The James Harden Countdown

Oct 21, 2012; Oklahoma City, OK, USA; Oklahoma City Thunder guard James Harden (13) attempts a shot while being defended by Denver Nuggets center JaVale McGee (34) during the second half at Chesapeake Energy Arena. Mandatory Credit: Mark D. Smith-US PRESSWIRE

There has been James Harden talk involving the Phoenix Suns all summer long. Harden is the reigning sixth-man of the year, and an Olympic gold medalist; not a bad 2012 for Harden. Oklahoma City had two big time players who were in need of a contract extension, the block machine Serge Ibaka and James Harden.

It was ultimately Serge Ibaka they gave the extension to which at the moment makes Harden the odd man out. The Oklahoma City Thunder has until October 31st to hash out a deal with Harden before he becomes a restricted free-agent during the summer of 2013. Insert the Suns.

The Suns front office probably has a countdown clock in their office right now counting down to November 1st because should the Thunder fail to work out a deal with Harden by then, the Suns will have a great chance to sign Harden next summer.

At this point, the Suns and any other teams that are expected be in hot pursuit of Harden should feel good. The Thunder are very unlikely to give Harden a max deal; there are several reasons why, let’s begin with the most obvious, luxury tax.

The Thunder owe 62 million dollars to 8 players for the 2013-2014 season(the season after this one) assuming they don’t bring back Eric Maynor, Harden, and Reggie Jackson. So should the Thunder give Harden a max deal worth about 15 million annually, the Thunder would put themselves at approximately 77.68 million dollars in salary cap

June 4, 2012; San Antonio, TX, USA; Oklahoma City Thunder guard James Harden (13) shoots against the San Antonio Spurs during the first half in game five of the Western Conference finals of the 2012 NBA playoffs at the AT

which is 7.68 million dollars over the luxury tax, which means the Thunder would end up paying an additional approximate 12 million dollars in luxury tax if they offer Harden a max deal for the 2013-2014 season; this doesn’t even include what they’d have to pay other players to fill the other 3 roster spots, and keep in mind the higher the Thunder’s pay roll goes the worse the luxury tax. As popular as the Thunder are, they simply can’t afford to pay such high luxury taxes because at the end of the day they’re still a small market team.

Another reason the Thunder wouldn’t want to keep Harden is because if they do, they’d be very limited in adding other support casts such as keeping Eric Maynor, or signing other quality free-agent players. Should the Thunder not keep Harden they’d have 8 million dollars in cap space in 2013 to re-sign Maynor and sign other free agents as well.

The Thunder pretty much modeled their franchise after the San Antonio Spurs. The Thunder most recently got a steal in the NBA draft in rookie Perry Jones III. Jones was projected as a lottery pick a week before the draft but after a poor showing at the draft combine and a knee problem, he slipped all the way to the Thunder as the 28th overall pick; an incredible steal in my mind. The pick of Jones definitely has paid off for the Thunder thus far; Jones is averaging 13 points, 3.7 rebounds, 2 assists and shooting 64% from the field. Which doesn’t make Harden expendable but it would soften the blow should Harden leave. Jones is only 20 years old, he’s got a huge upside but only time will tell if he’ll put it all together.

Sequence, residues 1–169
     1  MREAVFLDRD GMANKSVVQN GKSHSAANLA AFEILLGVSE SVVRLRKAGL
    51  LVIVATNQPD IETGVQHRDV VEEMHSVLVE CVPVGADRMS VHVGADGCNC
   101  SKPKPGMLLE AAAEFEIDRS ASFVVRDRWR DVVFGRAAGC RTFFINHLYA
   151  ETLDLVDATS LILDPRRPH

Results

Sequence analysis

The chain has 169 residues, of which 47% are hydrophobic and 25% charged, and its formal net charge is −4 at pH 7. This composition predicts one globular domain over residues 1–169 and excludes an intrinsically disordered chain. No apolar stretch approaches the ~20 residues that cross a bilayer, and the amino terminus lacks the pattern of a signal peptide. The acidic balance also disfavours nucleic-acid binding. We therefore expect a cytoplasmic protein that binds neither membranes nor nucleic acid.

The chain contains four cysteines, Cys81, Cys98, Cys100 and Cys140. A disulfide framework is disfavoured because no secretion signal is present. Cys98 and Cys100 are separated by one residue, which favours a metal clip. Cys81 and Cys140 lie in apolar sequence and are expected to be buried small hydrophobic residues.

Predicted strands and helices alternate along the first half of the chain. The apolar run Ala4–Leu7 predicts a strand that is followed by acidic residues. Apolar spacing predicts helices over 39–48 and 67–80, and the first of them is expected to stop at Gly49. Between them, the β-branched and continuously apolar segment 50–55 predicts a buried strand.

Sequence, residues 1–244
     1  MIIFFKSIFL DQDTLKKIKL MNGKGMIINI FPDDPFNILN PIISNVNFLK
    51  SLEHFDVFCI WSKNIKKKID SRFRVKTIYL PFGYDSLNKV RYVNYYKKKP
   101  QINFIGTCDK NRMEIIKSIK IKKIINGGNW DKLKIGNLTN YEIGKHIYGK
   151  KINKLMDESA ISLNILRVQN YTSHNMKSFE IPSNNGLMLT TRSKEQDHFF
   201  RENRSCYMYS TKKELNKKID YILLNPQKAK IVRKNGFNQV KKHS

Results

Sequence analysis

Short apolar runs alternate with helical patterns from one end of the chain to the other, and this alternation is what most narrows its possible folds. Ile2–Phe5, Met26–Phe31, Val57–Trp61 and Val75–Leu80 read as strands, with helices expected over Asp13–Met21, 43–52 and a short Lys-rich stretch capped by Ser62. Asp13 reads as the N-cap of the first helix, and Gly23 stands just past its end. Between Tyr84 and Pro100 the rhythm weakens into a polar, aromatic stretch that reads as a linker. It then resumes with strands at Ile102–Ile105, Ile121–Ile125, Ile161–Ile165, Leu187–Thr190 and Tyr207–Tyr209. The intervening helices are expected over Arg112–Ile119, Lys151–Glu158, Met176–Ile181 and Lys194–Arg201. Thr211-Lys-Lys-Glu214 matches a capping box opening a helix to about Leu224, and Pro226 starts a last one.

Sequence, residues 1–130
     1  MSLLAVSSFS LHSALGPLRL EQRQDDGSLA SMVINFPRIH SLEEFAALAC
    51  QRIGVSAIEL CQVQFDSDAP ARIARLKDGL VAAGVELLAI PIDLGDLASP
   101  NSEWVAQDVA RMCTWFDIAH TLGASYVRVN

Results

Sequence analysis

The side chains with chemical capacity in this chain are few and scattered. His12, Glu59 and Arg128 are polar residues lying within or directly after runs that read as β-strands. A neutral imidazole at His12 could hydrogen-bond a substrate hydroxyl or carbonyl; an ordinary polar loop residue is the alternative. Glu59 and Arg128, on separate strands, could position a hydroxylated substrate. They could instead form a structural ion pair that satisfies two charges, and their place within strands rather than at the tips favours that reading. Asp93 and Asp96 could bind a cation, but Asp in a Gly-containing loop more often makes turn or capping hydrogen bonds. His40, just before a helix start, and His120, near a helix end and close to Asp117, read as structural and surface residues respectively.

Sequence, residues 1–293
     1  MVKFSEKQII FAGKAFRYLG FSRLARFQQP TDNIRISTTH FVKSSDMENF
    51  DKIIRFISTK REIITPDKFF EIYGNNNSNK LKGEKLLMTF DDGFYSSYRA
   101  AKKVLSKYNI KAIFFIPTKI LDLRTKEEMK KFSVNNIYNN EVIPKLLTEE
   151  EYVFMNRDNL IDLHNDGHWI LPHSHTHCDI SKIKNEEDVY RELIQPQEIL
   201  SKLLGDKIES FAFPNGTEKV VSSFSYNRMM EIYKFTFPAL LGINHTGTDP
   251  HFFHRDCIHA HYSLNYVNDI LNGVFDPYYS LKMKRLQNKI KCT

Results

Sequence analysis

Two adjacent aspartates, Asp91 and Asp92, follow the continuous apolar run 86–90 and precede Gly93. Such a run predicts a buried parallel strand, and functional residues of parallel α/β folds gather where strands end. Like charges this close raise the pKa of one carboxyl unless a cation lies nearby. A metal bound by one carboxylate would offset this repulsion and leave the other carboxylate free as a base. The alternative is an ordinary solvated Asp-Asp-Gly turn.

February 9, 2012; Sacramento, CA, USA; Oklahoma City Thunder guard James Harden (13) dunks the ball past Sacramento Kings guard Marcus Thornton (23) during the first quarter at Power Balance Pavilion. Mandatory Credit: Kyle Terada-US PRESSWIRE

The Suns are concerned with two things right now; Harden’s extension and what will the Thunder do if they don’t extend him. The Thunder is set for another run at the title with the core of Durant, Westbrook, Harden and Ibaka. However if they don’t extend Harden, there’s a chance Harden could walk away for nothing. There’s also a very realistic possibility that the Thunder may trade him to another team so they’d get something in return for him as oppose to a steaming pile of nothing. Should the Thunder take this route, it will kill any chances of the Suns or any other team being able to acquire Harden next summer.

It absolutely insane how much of the Suns future depend on James Harden. Should Harden find his way to Phoenix, the Suns will be relevant once again and with the already solid core of Goran Dragic, Luis Scola, Michael Beasley and company; you add Harden to that equation that team will be making noise in the playoffs.

Tags: James Harden NBA Oklahoma City Thunder Phoenix Suns

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